Saliva Neurofilament Light Chain Is Not a Diagnostic Biomarker for Neurodegeneration in a Mixed Memory Clinic Population
Frontiers in Aging Neuroscience | May 10, 2021
Gleerup HS, Sanna F, Høgh P, Simrén J, Blennow K, Zetterberg H, Hasselbalch SG, Ashton NJ and Simonsen AH
Front Aging Neurosci. 2021;13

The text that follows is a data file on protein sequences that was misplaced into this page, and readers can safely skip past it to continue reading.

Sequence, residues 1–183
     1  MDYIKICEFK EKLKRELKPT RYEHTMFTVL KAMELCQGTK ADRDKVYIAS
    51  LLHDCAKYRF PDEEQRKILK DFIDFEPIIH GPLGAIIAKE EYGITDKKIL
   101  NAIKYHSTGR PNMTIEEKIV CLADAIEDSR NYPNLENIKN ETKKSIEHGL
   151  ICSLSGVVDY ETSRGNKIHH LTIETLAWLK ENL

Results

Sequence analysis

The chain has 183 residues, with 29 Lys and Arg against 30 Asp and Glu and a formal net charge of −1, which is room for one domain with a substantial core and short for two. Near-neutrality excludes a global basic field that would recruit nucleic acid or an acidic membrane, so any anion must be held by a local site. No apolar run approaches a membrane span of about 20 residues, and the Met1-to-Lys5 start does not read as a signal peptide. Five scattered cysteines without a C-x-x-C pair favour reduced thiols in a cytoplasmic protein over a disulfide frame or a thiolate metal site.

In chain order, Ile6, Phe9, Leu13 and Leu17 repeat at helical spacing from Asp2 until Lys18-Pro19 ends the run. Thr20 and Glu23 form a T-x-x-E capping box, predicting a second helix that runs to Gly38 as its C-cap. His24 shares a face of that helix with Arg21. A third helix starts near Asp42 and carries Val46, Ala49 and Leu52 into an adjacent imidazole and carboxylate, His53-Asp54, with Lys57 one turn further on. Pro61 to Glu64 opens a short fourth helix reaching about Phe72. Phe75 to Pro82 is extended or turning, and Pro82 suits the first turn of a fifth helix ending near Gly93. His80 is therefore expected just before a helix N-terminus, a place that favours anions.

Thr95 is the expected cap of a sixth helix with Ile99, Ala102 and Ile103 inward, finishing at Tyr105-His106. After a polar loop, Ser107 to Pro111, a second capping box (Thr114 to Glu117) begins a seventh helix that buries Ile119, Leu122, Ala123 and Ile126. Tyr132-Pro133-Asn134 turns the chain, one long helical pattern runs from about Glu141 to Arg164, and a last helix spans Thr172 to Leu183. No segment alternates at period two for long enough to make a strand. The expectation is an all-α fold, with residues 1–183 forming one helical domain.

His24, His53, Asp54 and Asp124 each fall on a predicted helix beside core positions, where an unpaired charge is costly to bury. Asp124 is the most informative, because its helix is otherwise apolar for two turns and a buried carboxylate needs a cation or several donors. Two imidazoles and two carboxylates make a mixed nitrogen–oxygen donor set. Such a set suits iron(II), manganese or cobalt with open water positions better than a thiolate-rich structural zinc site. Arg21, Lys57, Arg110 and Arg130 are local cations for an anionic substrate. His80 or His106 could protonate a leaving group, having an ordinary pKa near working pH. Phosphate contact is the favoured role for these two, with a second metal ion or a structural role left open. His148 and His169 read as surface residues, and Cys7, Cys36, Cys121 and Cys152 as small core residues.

Neurodegeneration and axonal injury result in an increasing release of neurofilament light chain (NfL) into bodily fluids, including cerebrospinal fluid (CSF) and blood. Numerous studies have shown that NfL levels in CSF and blood are increased in neurodegenerative disorders and monitor neurodegeneration. Saliva is an easily accessible biofluid that could be utilized as a biofluid measurement of Alzheimer’s disease (AD) biomarkers. In this study, for the first time, salivary NfL was measured and compared to plasma NfL in a consecutive cohort of patients referred to cognitive assessments. In two mixed memory clinic cohorts, saliva samples were taken from 152 patients, AD (n = 49), mild cognitive impairment (MCI) (n = 47), non-AD (n = 56), and also 17 healthy controls. In addition, 135 also had a matching plasma sample. All saliva and plasma samples were analyzed for NfL, and the association between saliva and plasma NfL and CSF levels of total tau (t-tau), phosphorylated tau (p-tau), and beta amyloid 1–42 (Aβ42) were investigated. In total, 162/169 had quantifiable levels of salivary NfL by single molecule array (Simoa). No statistically significant differences were found in salivary NfL concentration across the diagnostic groups, but as expected, significant increases were found for plasma NfL in dementia cases (P < 0.0001). There was no association between saliva and plasma NfL levels. Furthermore, saliva NfL did not correlate with CSF Aβ42, p-tau, or tau concentrations. In conclusion, NfL is detectable in saliva but does not reflect neurodegeneration in the brain.